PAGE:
June 10 – Report Tips to Employer
If you are an employee who works for tips and received more than $20 in tips during May, you are required to report them to your employer on IRS Form 4070 no later than June 10. Your employer is required to withhold FICA taxes and income tax withholding for these tips from your regular wages. If your regular wages are insufficient to cover the FICA and tax withholding, the employer will report the amount of the uncollected withholding in box 12 of your W-2 for the year. You will be required to pay the uncollected withholding when your return for the year is filed.
June 15 – Estimated Tax Payment Due
This is the last day to timely make your second quarter estimated tax installment payment for the 2022 tax year. Our tax system is a “pay-as-you-earn” system. To facilitate that concept, the government has provided several means of assisting taxpayers in meeting the “pay-as-you-earn” requirement. These include:
- Payroll withholding for employees;
- Pension withholding for retirees; and
- Estimated tax payments for self-employed individuals and those with other sources of income not covered by withholding.
When a taxpayer fails to prepay a safe harbor (minimum) amount, they can be subject to the underpayment penalty. This penalty is equal to the federal short-term rate plus 3 percentage points, and the penalty is computed on a quarter-by-quarter basis.
Federal tax law does provide ways to avoid the underpayment penalty. If the underpayment is less than $1,000 (the “de minimis amount”), no penalty is assessed. In addition, the law provides “safe harbor” prepayments. There are two safe harbors:
- The first safe harbor is based on the tax owed in the current year. If your payments equal or exceed 90% of what is owed in the current year, you can escape a penalty.
- The second safe harbor is based on the tax owed in the immediately preceding tax year. This safe harbor is generally 100% of the prior year’s tax liability. However, for taxpayers whose AGI exceeds $150,000 ($75,000 for married taxpayers filing separately), the prior year’s safe harbor is 110%.
Example: Suppose your tax for the year is $10,000 and your prepayments total $5,600. The result is that you owe an additional $4,400 on your tax return. To find out if you owe a penalty, see if you meet the first safe harbor exception. Since 90% of $10,000 is $9,000, your prepayments fell short of the mark. You can’t avoid the penalty under this exception.
However, in the above example, the safe harbor may still apply. Assume your prior year’s tax was $5,000. Since you prepaid $5,600, which is greater than 110% of the prior year’s tax (110% = $5,500), you qualify for this safe harbor and can escape the penalty.
This example underscores the importance of making sure your prepayments are adequate, especially if you have a large increase in income. This is common when there is a large gain from the sale of stocks, sale of property, when large bonuses are paid, when a taxpayer retires, etc. Timely payment of each required estimated tax installment is also a requirement to meet the safe harbor exception to the penalty. If you have questions regarding your safe harbor estimates, please call this office as soon as possible.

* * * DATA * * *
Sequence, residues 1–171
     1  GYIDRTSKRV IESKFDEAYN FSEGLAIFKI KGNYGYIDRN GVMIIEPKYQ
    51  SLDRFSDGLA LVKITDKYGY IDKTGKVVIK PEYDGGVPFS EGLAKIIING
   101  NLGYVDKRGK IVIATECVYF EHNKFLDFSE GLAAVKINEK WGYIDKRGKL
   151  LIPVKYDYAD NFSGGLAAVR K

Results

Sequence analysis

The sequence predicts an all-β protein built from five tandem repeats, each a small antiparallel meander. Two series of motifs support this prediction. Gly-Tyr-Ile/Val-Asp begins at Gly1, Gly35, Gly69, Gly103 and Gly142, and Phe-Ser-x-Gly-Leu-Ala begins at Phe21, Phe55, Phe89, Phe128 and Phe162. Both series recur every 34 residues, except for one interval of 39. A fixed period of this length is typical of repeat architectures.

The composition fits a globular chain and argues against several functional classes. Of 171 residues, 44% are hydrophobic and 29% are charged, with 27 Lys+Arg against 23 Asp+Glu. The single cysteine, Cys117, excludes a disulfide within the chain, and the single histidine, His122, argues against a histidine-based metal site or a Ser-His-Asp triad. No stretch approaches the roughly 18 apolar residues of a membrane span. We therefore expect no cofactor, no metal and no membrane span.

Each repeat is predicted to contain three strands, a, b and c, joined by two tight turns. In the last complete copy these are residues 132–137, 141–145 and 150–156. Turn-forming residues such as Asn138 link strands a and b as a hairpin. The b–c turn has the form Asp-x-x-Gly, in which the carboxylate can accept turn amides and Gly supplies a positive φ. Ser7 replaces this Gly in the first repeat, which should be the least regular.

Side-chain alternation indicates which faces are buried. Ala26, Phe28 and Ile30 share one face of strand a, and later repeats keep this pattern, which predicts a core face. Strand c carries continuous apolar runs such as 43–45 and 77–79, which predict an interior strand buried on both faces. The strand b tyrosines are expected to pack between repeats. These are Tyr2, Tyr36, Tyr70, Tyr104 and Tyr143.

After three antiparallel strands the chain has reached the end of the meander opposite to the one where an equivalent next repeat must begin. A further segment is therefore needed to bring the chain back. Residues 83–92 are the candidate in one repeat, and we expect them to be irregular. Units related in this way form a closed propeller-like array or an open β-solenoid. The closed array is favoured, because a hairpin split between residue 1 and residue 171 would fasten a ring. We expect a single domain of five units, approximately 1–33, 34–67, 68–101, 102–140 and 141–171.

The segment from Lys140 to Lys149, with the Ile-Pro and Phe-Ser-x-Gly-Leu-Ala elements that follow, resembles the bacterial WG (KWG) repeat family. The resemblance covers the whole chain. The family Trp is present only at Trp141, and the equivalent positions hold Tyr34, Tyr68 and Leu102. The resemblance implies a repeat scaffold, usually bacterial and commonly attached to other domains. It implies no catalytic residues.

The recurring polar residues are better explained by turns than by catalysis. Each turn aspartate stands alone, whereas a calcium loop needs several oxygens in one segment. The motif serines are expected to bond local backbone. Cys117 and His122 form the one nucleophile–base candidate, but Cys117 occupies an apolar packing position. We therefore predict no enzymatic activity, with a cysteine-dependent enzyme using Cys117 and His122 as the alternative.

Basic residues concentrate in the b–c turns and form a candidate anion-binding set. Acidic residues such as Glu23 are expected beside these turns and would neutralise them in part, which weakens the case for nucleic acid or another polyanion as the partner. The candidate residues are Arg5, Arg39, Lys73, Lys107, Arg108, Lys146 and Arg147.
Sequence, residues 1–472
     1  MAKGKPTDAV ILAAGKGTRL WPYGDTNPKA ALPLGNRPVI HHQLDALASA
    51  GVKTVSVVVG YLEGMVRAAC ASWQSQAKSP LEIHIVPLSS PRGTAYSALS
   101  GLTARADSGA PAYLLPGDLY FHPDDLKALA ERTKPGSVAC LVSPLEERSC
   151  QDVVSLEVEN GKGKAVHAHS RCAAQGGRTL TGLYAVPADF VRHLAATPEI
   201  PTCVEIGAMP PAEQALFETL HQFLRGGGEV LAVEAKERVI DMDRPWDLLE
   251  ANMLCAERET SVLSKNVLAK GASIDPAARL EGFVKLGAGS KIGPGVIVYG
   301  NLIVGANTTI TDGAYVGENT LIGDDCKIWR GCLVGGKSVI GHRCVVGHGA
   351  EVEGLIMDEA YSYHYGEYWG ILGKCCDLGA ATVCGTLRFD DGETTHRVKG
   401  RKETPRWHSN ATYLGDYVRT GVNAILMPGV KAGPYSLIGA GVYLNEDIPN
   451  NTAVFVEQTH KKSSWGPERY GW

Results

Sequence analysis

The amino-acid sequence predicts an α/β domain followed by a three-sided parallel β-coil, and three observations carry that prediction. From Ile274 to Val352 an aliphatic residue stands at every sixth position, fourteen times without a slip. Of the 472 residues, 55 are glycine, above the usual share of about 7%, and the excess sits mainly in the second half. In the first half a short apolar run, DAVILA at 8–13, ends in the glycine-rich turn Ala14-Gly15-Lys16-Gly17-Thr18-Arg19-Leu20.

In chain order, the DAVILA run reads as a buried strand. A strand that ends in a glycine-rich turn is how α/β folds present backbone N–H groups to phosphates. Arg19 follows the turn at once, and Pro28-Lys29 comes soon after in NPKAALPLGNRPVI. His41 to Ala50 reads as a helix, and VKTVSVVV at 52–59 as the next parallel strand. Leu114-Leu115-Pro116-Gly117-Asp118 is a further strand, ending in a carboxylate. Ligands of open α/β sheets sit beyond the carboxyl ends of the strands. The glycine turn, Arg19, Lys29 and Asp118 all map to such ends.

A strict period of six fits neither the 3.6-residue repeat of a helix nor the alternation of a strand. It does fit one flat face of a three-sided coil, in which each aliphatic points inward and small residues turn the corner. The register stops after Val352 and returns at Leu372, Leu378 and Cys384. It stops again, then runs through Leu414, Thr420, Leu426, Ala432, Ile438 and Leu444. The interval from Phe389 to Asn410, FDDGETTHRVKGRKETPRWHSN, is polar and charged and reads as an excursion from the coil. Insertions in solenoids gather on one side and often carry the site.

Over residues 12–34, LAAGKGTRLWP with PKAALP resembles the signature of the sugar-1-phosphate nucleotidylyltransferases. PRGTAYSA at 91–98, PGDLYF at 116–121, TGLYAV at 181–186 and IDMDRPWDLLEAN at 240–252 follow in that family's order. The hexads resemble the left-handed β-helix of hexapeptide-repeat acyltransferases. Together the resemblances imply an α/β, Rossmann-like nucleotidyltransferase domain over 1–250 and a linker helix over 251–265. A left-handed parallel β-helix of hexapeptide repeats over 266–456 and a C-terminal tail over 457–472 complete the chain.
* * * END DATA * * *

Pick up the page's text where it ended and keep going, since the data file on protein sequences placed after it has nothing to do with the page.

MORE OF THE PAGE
CAUTION: Some state de minimis amounts and safe harbor estimate rules are different than those for the Federal estimates. Please call this office for particular state safe harbor rules.
June 15 – Taxpayers Living Abroad
If you are a U.S. citizen or resident alien living and working (or on military duty) outside the United States and Puerto Rico, June 15 is the filing due date for your 2021 income tax return and to pay any tax due. If your return has not been completed and you need additional time to file your return, file Form 4868 to obtain 4 additional months to file. Then, file Form 1040 or 1040-SR by October 17. However, if you are a participant in a combat zone, you may be able to further extend the filing deadline (see below).
Caution: This is not an extension of time to pay your tax liability, only an extension to file the return. If you expect to owe, estimate how much and include your payment with the extension. If you owe taxes when you do file your extended tax return, you will be liable for both the late payment penalty and interest from the due date.
Combat Zone – For military taxpayers in a combat zone/qualified hazardous duty area, the deadlines for taking action with the IRS are extended. This also applies to service members involved in contingency operations, such as Operation Iraqi Freedom or Enduring Freedom. The extension is for 180 consecutive days after the later of:
- The last day a military taxpayer was in a combat zone/qualified hazardous duty area or served in a qualifying contingency operation, or have qualifying service outside of the combat zone/qualified hazardous duty area (or the last day the area qualifies as a combat zone or qualified hazardous duty area), or
- The last day of any continuous qualified hospitalization for injury from service in the combat zone/qualified hazardous duty area or contingency operation, or while performing qualifying service outside of the combat zone/qualified hazardous duty area.
In addition to the 180 days, the deadline is also extended by the number of days that were left for the individual to take an action with the IRS when they entered a combat zone/qualified hazardous duty area or began serving in a contingency operation.
It is not a good idea to delay filing your return because you owe taxes. The late filing penalty is 5% per month (maximum 25%) and can be a substantial penalty. It is generally better practice to file the return without payment and avoid the late filing penalty. We can also establish an installment agreement, which allows you to pay your taxes over a period of up to 72 months.